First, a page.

On the cross, Jesus defeated his enemies and was enthroned as king. In the entire history of this universe, I do not believe that any event has more significance than the cross and what took place that day.

I have had many good and exciting things happen in my life, as did the Apostle Paul (Philippians 3:4-6). But when he looked at his life, and all he had accomplished, his attitude is summed up in this passage. “May I never boast except in the cross of our Lord Jesus Christ, through which the world has been crucified to me, and I to the world” (Galatians 6:14).

What else can we boast about, other than what Jesus has done for us. Especially at the cross.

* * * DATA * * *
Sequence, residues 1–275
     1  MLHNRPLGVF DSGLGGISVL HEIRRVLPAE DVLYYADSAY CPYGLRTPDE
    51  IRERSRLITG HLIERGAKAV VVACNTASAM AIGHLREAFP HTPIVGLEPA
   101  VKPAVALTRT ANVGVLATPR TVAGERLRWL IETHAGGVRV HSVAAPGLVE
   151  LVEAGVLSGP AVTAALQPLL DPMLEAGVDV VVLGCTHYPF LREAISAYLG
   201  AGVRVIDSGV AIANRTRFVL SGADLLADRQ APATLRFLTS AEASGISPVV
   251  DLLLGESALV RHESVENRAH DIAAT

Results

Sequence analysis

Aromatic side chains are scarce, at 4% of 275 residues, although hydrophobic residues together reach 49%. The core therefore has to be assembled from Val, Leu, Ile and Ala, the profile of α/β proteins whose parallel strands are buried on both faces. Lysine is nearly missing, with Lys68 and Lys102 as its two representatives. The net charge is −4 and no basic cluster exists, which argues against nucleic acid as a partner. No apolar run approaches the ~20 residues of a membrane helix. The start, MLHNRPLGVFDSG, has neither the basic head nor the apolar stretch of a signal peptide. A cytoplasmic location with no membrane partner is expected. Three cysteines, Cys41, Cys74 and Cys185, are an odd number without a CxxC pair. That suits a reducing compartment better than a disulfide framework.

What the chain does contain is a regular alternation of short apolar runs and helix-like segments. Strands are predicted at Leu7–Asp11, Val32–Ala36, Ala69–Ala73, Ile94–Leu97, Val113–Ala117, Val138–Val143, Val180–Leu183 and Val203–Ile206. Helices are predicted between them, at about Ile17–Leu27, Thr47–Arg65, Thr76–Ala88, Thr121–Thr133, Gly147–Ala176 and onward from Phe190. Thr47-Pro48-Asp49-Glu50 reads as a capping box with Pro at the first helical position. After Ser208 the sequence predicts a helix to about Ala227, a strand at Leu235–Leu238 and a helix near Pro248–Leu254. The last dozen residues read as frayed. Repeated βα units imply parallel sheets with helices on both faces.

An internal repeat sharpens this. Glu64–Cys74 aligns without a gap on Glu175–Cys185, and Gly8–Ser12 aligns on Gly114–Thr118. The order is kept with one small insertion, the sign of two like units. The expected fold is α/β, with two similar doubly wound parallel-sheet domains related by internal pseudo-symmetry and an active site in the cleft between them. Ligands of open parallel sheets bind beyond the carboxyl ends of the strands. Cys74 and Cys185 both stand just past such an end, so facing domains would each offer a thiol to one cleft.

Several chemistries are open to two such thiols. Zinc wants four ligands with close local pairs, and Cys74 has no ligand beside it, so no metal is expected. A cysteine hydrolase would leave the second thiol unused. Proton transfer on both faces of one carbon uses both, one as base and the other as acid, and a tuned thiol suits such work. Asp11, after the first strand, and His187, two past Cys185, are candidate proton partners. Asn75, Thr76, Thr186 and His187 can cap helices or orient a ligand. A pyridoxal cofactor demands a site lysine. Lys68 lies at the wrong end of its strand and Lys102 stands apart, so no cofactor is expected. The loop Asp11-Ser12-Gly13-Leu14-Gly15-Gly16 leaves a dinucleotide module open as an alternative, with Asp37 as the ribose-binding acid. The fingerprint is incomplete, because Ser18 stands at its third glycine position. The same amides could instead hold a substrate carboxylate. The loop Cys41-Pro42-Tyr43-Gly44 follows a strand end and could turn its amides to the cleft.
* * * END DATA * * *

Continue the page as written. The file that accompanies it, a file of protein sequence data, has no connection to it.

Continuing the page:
For further reading:

Why Is the Cross More Symbolic Than the Tomb?

How Should Christians View Statues of Jesus?

What Is Atonement? Biblical Meaning and Definition

What Is the Medical Account of the Crucifixion?

What Is More Important, the Death of Christ or His Resurrection?

What Does it Mean That the ‘Gift of God Is Eternal Life’?

What Do We Know about the Crucifixion of Jesus?

Photo Credit: ©iStock/Getty Images Plus/jeab

Ed Jarrett headshotEd Jarrett is a long-time follower of Jesus and a member of Sylvan Way Baptist Church. He has been a Bible teacher for over 40 years and regularly blogs at A Clay Jar. You can also follow him on Twitter or Facebook. Ed is married, the father of two, and grandfather of three. He is retired and currently enjoys his gardens and backpacking.